Next we munched through elite corn salad with chinicuiles (another species of edible caterpillar) and earthly Manchurian scorpions perched atop lotus root chips. Each had a pronounced seafood-like texture; scorpion, it turns out, is closely related to lobster. Many insects have aquatic cousins; Justin Butner, a self-proclaimed "insect agriculture cheerleader," who was sitting at my table, told me he was allergic to crickets, to which I rudely spluttered, "How did you find that out?" Well, because orthoptera are closely related to shellfish, and allergies to one likely predicate allergies to the other (another enthusiast I met, Dave, had once sought to market crickets to people as "land shrimp").
More food arrived: A pear salad topped by a teeming pile of Changbai ants had a slight citrus taste and was most notable for inducing the feeling of chewing on a cactus, the spiky sensation coming from hundreds of tiny legs. Fluffy cricket gougères had me speculating about the viability of cricket chouquettes, and we pinched large black ants off sweet chimp sticks with our teeth, their formic flavor overwhelmed by the swell of fennel. Then came dinner: Grasshoppers peeked out of orzo and were speared on kebabs. Delicious garlic smashed potatoes were flecked with superworms. Green beans, roasted beets, and grasshoppers piled onto my plate. I was doing fine until my eyes landed on the cockroach-topped cranberry relish.
Being a New Yorker, I've waged many a war against cockroaches. This one required another drink. Only once properly numbed to what I was about to do, I stuffed the entire bug in my mouth. I chewed ferociously. I made it out the other side.
Dessert appeared in the form of fantastically complex Sal de Gusano (moth larva) marshmallows with Sombra Mezcal and a bowl of ice cream topped by powdery cricket granola — now no problem for me. The finale was a treat of figs with gorgonzola, honey, and wasps.
To mix metaphors, I was taken hook, line, and sinker. I'm not sure what the insect-equivalent is to pescetarianism — entotarianism? — but I want to be that, I decided. Not everyone was as excited about my discovery. "Brush your teeth really well, okay?" my boyfriend delicately requested. "OMG" my mom wrote back before she stopped replying to my pictures. "I ate bugs tonight! And I liked it!" I announced to my Lyft driver, who, probably fearing for his safety, kept quiet.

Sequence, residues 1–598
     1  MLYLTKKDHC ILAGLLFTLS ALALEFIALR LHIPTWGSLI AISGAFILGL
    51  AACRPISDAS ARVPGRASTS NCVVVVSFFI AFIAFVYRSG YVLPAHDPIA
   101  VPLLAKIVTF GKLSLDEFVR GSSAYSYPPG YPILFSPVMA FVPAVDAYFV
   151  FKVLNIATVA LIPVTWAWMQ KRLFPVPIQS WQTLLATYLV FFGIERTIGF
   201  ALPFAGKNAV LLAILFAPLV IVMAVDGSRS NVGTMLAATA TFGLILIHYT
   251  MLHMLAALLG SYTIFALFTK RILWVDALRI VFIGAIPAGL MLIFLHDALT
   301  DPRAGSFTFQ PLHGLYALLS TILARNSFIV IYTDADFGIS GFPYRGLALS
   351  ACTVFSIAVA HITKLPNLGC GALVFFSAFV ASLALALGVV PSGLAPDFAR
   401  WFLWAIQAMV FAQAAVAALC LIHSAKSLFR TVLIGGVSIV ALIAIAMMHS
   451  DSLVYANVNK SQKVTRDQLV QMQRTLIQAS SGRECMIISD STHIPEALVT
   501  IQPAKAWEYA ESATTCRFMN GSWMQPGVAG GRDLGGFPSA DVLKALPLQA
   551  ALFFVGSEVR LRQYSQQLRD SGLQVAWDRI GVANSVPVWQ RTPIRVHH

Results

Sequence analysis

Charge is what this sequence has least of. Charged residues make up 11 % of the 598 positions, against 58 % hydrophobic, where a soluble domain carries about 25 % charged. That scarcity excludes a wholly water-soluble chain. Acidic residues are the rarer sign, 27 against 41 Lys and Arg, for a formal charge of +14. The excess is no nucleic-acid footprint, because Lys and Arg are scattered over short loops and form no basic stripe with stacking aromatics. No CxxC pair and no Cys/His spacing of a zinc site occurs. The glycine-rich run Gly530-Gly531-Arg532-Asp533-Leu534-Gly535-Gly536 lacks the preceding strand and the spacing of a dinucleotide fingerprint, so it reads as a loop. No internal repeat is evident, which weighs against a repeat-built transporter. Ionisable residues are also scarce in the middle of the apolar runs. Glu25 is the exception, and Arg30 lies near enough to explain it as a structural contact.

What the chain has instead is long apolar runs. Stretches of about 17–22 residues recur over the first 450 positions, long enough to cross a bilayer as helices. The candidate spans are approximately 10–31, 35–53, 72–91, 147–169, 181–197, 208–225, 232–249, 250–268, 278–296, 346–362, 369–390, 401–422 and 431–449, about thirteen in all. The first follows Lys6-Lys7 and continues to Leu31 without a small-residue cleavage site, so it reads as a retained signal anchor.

By the next morning, my enthusiasm had ... flagged. I woke up to excruciating stomach cramps and nausea. After banging off an email to my boss (the gist of which was "NOT COMING INTO WORK, POISONED BY BUGS"), I curled up for several miserable hours. I couldn't figure it out; was I incompatible with my new favorite food?
I only realized later that it might have been my vegetarianism that did me in. Because bugs are up to 75 percent protein, my guts were rebelling: "Making radical changes to one's diet is going to throw the digestive system for a loop, at least in the beginning," confirms More. And while nibbling lobster has previously made me queasy for hours, I hadn't put my reaction together with the shellfish allergy warning on the bottom of every menu. In other words, stuffing yourself full on BugsGiving is perhaps not the wisest way to reintroduce meat into your diet.
I'm not discouraged, though. After getting over the mental hurdles, which was no easy feat, I realized bugs really are good, at least when they're cooked right. The reasons I'm a vegetarian can still be honored by an entotarian lifestyle. Plus — it's delicious, like eating seafood without worrying about overfishing or bycatch. If I continue to ease six-legged snacks into my diet, I think I can make this work.
Step by step. Cricket by cricket.